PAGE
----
I was always impressed with your technical ability and understanding of how to sculpt the female form - I was once asked if I trained my waist when wearing one of your waspies! I remember learning traditional corsetry techniques when I was studying, I can’t remember what the book was called - did you start by working with these traditional patterns? How did you modernise the fit? and do you still adapt patterns in order to modernise, or follow a template tweaked for individuals?
I never had any corsetry training. I was given a basic basque block when I was doing a fashion foundation course which wasn’t very useful and I always struggled with pattern cutting from a block or reading existing patterns so I purchased a mannequin which I use for pattern making. It’s so much easier because you simply map out the design you want on the mannequin and trace it off. Then the dimensions need to be altered to fit the client. As a keen wearer of corsets I had the drive to learn this skill for my own personal fulfilment and the patterns I create, I try on myself and adapt them to fit what’s my idea of the perfect silhouette, often tweaking them year after year.
I learnt most of my skills though books, museums, and studying vintage and antique lingerie. When discovering ebay, I became quite an addict purchasing interesting pieces of historical underwear that were great study pieces and taught me construction techniques. When you have a passion to do something it comes quite naturally and seems quite easy.
Although most corsetieres are influenced by historical corsetry, I have reshaped the traditional corset to fit a more modern ideal. For example I use built in bra cups that add fullness to the bust unlike the flattening bust lines of many period corsetry and redesign the structural panelling for a more contemporary feel but still concentrating on the primary focus of reducing the waist. I am a contemporary corsetiere and craftswoman. I use corsetry as a medium to experiment with fantasies of enhanced pleasure, empowerment and well-being. With my work, I aim to share the sensual power that corsetry can offer and encourage freedom from taboos.
The corset is a marvel of engineering, perfected through centuries of dedicated craft, through sheer love for the object itself. It’s still a thrill for me to transform flat lifeless panels of silk together with the finest precision to a sculptural object with the capacity to bend flesh to new lines. Countless tiny stitches, thrusting hard steel bones through channels, dozens of hours in the making, bring the body to bear the emblem of culture and artistic vision.
The donning of the corset is in itself ritualistic. Time and care are required in the process of passing the laces through the eyelet holes before the time of fastening, as both the body and mind transition sharply in to new states. An intense sensation of pressure, of being enveloped, embraced, hard boning against soft skin with the ability to ‘inflame the organs of the abdomen and thereby excite amorous desires.
Aside from our conversation above about creating a more accessible line to sit alongside your corsets, why else did you choose to create The Model Traitor and what inspired the name?
I have always played with the notion of the corset as being a symbol of discipline. There are feelings of security that come from self discipline, strength and grace, so creating a whole range of discipline tools and lingerie just happened. I have always designed a lot of fetish style corsets such as the ‘Slave’ styles which were designed with restraint and discipline in mind. These corsets attach to a Neck Corset (Posture Collar) and contain various D-rings to attach cuffs/tethers so that the wearer can be bound to the corset.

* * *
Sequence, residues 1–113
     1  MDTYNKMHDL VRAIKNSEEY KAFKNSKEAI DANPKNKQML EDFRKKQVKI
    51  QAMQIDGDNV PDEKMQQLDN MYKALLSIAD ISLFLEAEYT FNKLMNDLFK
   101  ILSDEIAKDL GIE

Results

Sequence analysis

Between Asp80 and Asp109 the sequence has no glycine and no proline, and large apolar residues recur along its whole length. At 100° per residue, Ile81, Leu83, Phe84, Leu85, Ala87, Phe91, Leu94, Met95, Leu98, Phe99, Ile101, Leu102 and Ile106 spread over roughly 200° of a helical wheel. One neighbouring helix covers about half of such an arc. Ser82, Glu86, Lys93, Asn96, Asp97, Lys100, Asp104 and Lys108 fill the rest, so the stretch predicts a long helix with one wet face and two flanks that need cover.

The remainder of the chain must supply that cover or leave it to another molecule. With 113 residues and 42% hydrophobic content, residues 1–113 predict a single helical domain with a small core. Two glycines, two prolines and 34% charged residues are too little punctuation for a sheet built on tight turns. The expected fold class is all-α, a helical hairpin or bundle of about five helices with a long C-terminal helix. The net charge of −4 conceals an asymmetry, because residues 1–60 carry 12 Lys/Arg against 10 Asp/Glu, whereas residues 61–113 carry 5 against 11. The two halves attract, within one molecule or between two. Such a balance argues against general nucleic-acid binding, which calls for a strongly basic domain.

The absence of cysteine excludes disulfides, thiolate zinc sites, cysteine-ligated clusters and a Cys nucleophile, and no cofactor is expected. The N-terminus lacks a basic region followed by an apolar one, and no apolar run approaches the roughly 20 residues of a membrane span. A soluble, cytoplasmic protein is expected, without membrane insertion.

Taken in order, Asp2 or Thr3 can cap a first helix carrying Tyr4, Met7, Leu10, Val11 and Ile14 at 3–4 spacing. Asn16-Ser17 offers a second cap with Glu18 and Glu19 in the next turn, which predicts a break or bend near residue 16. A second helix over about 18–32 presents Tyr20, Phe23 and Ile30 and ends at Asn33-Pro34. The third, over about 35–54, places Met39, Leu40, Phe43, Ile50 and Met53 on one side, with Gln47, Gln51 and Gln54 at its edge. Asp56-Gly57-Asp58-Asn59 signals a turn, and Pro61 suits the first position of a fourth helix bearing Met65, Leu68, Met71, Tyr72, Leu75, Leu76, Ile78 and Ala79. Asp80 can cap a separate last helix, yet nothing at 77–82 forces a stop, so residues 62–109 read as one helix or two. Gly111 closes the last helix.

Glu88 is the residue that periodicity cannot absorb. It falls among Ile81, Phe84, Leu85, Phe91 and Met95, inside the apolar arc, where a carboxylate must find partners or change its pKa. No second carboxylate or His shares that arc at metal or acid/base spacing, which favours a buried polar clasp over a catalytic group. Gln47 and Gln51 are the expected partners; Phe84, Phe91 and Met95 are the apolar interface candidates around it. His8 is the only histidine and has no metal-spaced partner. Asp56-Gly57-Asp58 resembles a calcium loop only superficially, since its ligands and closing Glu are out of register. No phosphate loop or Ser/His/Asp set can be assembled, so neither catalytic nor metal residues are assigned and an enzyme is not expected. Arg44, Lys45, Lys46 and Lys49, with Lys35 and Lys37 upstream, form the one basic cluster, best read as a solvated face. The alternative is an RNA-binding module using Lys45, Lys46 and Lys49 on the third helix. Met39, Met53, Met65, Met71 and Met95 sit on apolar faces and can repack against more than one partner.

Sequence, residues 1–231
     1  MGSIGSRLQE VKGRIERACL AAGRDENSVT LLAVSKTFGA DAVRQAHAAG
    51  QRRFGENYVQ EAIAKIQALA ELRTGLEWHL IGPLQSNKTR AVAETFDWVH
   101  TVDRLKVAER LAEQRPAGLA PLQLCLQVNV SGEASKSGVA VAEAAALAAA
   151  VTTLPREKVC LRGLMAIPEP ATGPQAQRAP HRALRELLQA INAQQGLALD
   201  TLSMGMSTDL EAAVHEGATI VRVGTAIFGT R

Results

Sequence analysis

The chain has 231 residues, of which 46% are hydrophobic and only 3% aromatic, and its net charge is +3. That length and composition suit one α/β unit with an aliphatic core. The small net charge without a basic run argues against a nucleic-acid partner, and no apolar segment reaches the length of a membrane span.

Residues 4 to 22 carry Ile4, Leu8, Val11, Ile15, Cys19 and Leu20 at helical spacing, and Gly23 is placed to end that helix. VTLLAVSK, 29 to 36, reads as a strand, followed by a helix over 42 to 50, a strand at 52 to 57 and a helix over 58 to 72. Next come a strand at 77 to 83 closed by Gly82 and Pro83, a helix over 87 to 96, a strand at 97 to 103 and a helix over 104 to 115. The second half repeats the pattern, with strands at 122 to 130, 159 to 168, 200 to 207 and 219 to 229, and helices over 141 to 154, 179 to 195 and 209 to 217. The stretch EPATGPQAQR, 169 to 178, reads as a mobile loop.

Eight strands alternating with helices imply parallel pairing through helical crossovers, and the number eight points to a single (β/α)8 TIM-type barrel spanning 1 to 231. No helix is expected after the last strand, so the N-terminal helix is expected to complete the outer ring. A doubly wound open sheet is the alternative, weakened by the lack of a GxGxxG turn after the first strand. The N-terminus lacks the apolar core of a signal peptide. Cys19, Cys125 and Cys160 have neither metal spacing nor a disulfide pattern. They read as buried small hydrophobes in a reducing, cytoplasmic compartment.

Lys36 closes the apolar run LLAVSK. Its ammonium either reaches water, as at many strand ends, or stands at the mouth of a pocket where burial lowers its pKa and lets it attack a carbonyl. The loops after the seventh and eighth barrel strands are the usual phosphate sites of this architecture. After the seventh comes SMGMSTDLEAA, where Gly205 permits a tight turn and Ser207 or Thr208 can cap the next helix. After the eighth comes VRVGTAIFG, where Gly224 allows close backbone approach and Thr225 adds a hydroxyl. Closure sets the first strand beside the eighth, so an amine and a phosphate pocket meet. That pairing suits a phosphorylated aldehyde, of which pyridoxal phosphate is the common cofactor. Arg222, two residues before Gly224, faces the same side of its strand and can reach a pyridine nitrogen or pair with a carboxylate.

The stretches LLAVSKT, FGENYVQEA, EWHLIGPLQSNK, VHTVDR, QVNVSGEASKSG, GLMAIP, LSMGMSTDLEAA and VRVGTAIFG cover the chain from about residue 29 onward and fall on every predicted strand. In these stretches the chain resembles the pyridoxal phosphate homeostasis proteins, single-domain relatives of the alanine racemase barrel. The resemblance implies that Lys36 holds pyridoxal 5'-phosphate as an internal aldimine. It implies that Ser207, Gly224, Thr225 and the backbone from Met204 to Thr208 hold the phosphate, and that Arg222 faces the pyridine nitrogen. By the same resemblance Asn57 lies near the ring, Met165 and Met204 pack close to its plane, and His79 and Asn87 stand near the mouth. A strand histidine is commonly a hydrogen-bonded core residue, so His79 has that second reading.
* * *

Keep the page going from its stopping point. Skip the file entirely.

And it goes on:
With a radical passion for the arts and erotica, The Model Traitor allows me to express my darker desires of sadism and masochism and uncover connections between religious ritual and sexuality.
Because the corset brand is my own name, I often felt a little uncomfortable expressing my deviant ideas with a brand that is associated with my name and didn’t want to scare off potential clients because my corset range is very broad and not strictly a fetish brand.
The idea of my pieces leading to the exploration - and ultimately the fulfilment - of fantasies is very satisfying.
If we lift societal pressure in the form of discrimination and judgement, we are left with a beautiful spectrum of people, including a fluidity of gender and sexuality. That is what I want my work to convey and endorse
‘The Model Traitor’ comes from Emil Cioran’s ‘A Short History of Decay’.
I find you incredibly interesting, as your voice and manner is so delicate, yet your look and work so striking. It’s an usual combination - although actually funnily enough something that gets said to me quite often, is that I look very unassuming and my job is surprising - I am often mistaken for the intern! I read an article recently about how lingerie attracts introverts, do you think this is true?
That’s funny what you say about being mistaken for an intern! I have experienced similar reactions. Maybe that’s why we have always got on so well having similar mannerisms! I don’t know what people are expecting when they meet me. I am guessing they imagine me to be a strong powerful Miss whiplash type of figure. What they realise I am quite the opposite. So yes we are certainly proof of kinky lingerie professionals attracting introverts!
Ha, yep! Well I suppose we are British, it’s part of our heritage ; )
Where would you like to take your corsetry next?
I started making corsets for myself in the beginning without any thought of it becoming a job. After 12 years of dedicated training in the pursuit of the craft, I have thought about giving it up professionally but to continue to create pieces for myself and focus my attention on The Model Traitor. My bespoke service appeals to a limited few and I am very thankful and admire my devoted clients who are often collectors of the rare and exquisite. Bespoke orders are always the most exciting part of my job so I don’t think I could ever give it up completely but now The Model Traitor has become a full time job, waiting times for corsets can be long.
In an era when everyone wants everything quickly and cheaply, dedication to corsetry shows one is patient enough to take the time to let it happen, and that is a beautiful notion. Seeking beauty, pleasure and true intimacy in a world that goes too fast.
Where is your favourite place in London to..
I never get bored of V&A and Wellcome Collection. The Society Club is a nice bookshop/bar in Soho and Brick Lane that I like to visit when in the area.
There is a Polenta restaurant on Old Compton Street that does yummy wholesome meals.
I prefer true vintage shops that sell pre 60’s items & markets. Some of my favourite shops are in Angel Islington’s, Camden Passage.
Shop Lascivious & Sian Hoffman's latest collaboration HERE